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Three-fold increase in early peanut introduction following new guidelines in Australia

Published online: August 8, 2019

Up to 10% of one-year-old infants are diagnosed with food allergy. After an accumulation of observational data, a sentinel trial in 2015 found that introducing peanut by age 11 months could prevent peanut allergy. This prompted guideline changes in 2016 recommending introducing peanut before a baby turns 12 months. Australia, contrary to the USA, does not recommend babies undergo allergy screening before introducing foods. However, there was no data on whether parents were following this new and important advice.

In an original article published in The Journal of Allergy and Clinical Immunology (JACI), Soriano et al. aimed to assess the subsequent impact of Australian guidelines on the timing of peanut introduction. Researchers questioned a population-representative sample of 860 families with one-year-old babies from Melbourne, Australia in the EarlyNuts study led by the Murdoch Children’s Research Institute. Families were asked about their infant’s diet, history of eczema and food reactions, lifestyle factors and family history of allergy. Answers were compared to a similar study conducted 10 years earlier called HealthNuts.

By comparing the HealthNuts and EarlyNuts studies, researchers saw that by 2018, only two years after the guideline changes, introduction of peanut products by age one had increased more than 3-fold compared to 10 years ago. Most infants (89%) were now introduced to peanut before 12 months compared to only 28% in 2007-2011. By 12 months, 76% of these babies had eaten peanut products multiple times, with a third eating them regularly (at least twice per week). Initial results showed similar numbers of reported peanut reactions (i.e. not a conclusive diagnosis) compared to before the guideline change, with around 4% of infants having a reported reaction within one hour of eating peanut. Most reactions were mild skin or gut symptoms, with no evidence of an increase in more severe reactions.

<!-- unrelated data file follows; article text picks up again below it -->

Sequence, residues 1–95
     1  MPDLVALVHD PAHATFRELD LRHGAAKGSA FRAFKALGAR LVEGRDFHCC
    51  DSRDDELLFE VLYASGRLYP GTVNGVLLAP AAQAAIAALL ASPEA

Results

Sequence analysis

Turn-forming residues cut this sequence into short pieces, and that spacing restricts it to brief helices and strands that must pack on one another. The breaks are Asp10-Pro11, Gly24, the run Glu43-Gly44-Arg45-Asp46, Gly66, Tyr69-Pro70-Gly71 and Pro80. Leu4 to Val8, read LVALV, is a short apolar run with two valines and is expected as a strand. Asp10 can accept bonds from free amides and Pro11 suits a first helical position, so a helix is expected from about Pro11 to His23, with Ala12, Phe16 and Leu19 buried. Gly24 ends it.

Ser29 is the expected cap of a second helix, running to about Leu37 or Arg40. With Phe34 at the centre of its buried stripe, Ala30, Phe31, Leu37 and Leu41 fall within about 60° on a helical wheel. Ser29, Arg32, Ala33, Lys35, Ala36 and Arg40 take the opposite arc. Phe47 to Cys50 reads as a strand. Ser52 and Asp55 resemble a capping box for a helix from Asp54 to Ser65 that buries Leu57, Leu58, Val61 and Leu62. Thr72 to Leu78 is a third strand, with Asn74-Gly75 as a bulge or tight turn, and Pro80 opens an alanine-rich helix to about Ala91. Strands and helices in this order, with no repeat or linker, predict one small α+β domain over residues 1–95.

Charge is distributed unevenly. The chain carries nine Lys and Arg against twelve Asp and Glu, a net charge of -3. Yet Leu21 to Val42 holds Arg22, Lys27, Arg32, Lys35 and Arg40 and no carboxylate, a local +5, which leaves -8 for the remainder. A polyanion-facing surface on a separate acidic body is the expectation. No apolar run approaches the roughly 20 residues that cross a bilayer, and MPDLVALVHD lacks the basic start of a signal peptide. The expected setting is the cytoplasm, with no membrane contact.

This is the first evaluation of infant feeding practices following the adoption of changes in feeding guidelines internationally in 2016 to recommend early introduction of peanut. The results show a dramatic shift towards earlier introduction of peanut. The next step is to assess the important question of whether this shift has reduced the prevalence of peanut allergy in the population. This will be examined at the completion of the EarlyNuts study in early 2020.

The Journal of Allergy and Clinical Immunology (JACI) is an official scientific journal of the AAAAI, and is the most-cited journal in the field of allergy and clinical immunology.

Graphical Abstract